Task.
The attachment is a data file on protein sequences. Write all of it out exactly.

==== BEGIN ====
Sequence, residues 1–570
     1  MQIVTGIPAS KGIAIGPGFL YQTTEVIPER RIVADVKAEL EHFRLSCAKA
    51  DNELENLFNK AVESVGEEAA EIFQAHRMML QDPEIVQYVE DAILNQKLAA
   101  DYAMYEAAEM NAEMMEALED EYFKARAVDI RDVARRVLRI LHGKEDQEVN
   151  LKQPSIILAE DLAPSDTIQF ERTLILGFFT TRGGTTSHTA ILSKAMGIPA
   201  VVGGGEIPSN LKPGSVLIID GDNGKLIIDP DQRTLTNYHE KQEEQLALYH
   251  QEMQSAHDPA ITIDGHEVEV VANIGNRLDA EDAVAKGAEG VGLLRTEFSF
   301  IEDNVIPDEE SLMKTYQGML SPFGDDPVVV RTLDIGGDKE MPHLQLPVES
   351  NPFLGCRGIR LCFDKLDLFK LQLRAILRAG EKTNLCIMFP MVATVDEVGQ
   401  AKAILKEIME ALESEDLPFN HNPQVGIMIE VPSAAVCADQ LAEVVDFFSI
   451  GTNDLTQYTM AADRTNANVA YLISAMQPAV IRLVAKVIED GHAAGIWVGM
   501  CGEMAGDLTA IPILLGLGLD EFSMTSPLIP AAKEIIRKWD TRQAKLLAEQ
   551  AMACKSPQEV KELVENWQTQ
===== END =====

Sequence, residues 1–570
     1  MQIVTGIPAS KGIAIGPGFL YQTTEVIPER RIVADVKAEL EHFRLSCAKA
    51  DNELENLFNK AVESVGEEAA EIFQAHRMML QDPEIVQYVE DAILNQKLAA
   101  DYAMYEAAEM NAEMMEALED EYFKARAVDI RDVARRVLRI LHGKEDQEVN
   151  LKQPSIILAE DLAPSDTIQF ERTLILGFFT TRGGTTSHTA ILSKAMGIPA
   201  VVGGGEIPSN LKPGSVLIID GDNGKLIIDP DQRTLTNYHE KQEEQLALYH
   251  QEMQSAHDPA ITIDGHEVEV VANIGNRLDA EDAVAKGAEG VGLLRTEFSF
   301  IEDNVIPDEE SLMKTYQGML SPFGDDPVVV RTLDIGGDKE MPHLQLPVES
   351  NPFLGCRGIR LCFDKLDLFK LQLRAILRAG EKTNLCIMFP MVATVDEVGQ
   401  AKAILKEIME ALESEDLPFN HNPQVGIMIE VPSAAVCADQ LAEVVDFFSI
   451  GTNDLTQYTM AADRTNANVA YLISAMQPAV IRLVAKVIED GHAAGIWVGM
   501  CGEMAGDLTA IPILLGLGLD EFSMTSPLIP AAKEIIRKWD TRQAKLLAEQ
   551  AMACKSPQEV KELVENWQTQ